On the other hand, members of the delegation from the Netherlands is composed of: Ringo Lakeman from the Ministry of Infrastructure and the Environment; Tineke Netelenbos and Tjitso Westra from the Royal Association of Netherlands Shipowners; Jan Willem Verhoeff and Albert Bos from the ScheepvartEn Transport College; and Netherlands Ambassadeur Marion Derckx with PLV Ambassadeur Ruth Emmerink and Patricia Alvenida.



More stories:
Shipyards formalize national association
Mejia leads oath-taking rites for first batch of passers of new computer-based exams
News of storm causes traffic queue in Matnog
Figures that matter


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The Philippine candidate for IMO Secretary-General

Maximo Q Mejia Jr

THE PHILIPPINES is proud to put forward Dr. Maximo Q. Mejia Jr. as its candidate for the post of Secretary-General of the International Maritime Organization. With education and experience in maritime affairs spanning three decades, awareness and exposure across all the world’s continents, and an inclusive and results-oriented leadership style, Dr. Mejia possesses the qualities necessary to build on the work of past Secretaries-General and lead the Organization to further success: streamlined administration, effective implementation of standards, and a positive image of the maritime sector.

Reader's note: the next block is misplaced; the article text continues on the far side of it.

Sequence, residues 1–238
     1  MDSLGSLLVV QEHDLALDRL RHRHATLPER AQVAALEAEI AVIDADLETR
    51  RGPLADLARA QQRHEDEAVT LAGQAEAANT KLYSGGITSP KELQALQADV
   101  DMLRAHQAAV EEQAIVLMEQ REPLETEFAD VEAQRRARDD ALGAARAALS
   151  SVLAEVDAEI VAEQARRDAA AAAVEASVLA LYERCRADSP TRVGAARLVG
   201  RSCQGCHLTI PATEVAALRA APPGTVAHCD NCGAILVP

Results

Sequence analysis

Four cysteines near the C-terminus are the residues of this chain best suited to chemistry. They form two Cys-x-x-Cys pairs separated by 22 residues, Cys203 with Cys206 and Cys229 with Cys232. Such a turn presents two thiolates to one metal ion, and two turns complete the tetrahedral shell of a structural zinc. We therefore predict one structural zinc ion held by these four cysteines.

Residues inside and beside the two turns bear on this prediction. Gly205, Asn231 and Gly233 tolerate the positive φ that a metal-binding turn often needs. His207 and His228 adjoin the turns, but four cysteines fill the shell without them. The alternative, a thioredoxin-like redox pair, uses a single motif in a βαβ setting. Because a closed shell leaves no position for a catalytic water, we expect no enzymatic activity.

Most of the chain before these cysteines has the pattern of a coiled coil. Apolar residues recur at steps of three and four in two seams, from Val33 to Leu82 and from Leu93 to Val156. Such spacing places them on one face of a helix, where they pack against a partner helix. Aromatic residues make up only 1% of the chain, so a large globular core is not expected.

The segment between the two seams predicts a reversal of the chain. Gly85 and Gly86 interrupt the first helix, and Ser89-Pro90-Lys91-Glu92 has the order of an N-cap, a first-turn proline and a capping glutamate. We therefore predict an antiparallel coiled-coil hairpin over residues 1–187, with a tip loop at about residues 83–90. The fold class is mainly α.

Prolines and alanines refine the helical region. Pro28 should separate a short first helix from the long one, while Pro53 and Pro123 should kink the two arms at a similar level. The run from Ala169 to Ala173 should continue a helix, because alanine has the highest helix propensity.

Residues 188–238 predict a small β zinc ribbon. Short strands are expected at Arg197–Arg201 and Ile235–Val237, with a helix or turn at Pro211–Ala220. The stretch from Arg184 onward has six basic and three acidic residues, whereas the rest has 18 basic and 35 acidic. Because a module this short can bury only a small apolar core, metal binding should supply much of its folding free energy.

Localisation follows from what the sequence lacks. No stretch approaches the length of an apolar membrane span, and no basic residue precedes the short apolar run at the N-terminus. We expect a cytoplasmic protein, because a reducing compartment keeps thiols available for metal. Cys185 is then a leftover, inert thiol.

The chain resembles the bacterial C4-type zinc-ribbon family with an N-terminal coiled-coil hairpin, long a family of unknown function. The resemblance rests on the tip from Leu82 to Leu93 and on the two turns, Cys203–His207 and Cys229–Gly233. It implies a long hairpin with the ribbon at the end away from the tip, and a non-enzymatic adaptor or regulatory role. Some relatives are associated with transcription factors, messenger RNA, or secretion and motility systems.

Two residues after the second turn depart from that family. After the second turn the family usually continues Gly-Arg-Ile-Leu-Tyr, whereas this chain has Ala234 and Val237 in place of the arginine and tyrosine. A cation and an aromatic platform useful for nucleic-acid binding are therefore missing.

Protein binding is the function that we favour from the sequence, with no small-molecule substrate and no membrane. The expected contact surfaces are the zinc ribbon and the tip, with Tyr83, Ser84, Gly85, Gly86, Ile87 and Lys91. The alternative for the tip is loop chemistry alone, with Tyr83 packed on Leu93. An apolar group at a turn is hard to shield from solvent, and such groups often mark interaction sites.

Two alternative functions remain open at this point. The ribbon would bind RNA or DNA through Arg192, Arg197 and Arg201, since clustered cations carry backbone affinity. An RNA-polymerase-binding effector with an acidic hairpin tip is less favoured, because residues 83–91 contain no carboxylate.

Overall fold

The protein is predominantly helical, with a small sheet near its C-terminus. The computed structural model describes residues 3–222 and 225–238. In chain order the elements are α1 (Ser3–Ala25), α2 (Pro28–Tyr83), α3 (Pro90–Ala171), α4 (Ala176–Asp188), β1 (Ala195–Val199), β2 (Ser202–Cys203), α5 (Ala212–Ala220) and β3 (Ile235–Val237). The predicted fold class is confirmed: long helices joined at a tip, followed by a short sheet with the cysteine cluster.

Maritime Competence
With education and experience in maritime affairs spanning three decades, awareness and exposure across all the world’s continents, and an inclusive and results-oriented leadership style, Dr. Mejia possesses the qualities necessary to build on the work of past Secretaries-General and lead the Organization to further success: streamlined administration, effective implementation of standards, and a positive image of the maritime sector.

In Dr. Mejia we can expect a competent leader, skilled at mediating between the interests of states and stakeholders, while at the same time taking a determined stance on maritime safety, security, and environmental protection.

Sidebar 1WITH a professional career spent exclusively in the maritime sector, Dr. Mejia’s technical credentials, competence, and experience have been accumulated over three decades. Starting as a 19-year-old midshipman in the United States Naval Academy, he has moved on to serve in the following capacities:
• OIC of navigational watch on board Philippine Navy & Coast Guard ships
• Commanding Officer, Port State Control Office Manila
• Station Commander, Coast Guard Station Iligan
• Deputy Executive Director, Presidential Task Force on Maritime Development
• Director for Navigational Safety, Philippine Coast Guard
• Professor of Maritime Law & Policy, World Maritime University
• Administrator, Maritime Industry Authority (MARINA)

His formal education has been a consistent and increasing specialization in maritime affairs, law, and policy:
• BSc, United States Naval Academy, Annapolis, MD, USA
• MALD, Fletcher School of Law & Diplomacy, Medford, MA, USA
• MSc, World Maritime University, Malmö, Sweden
• PhD, Lund University, Lund, Sweden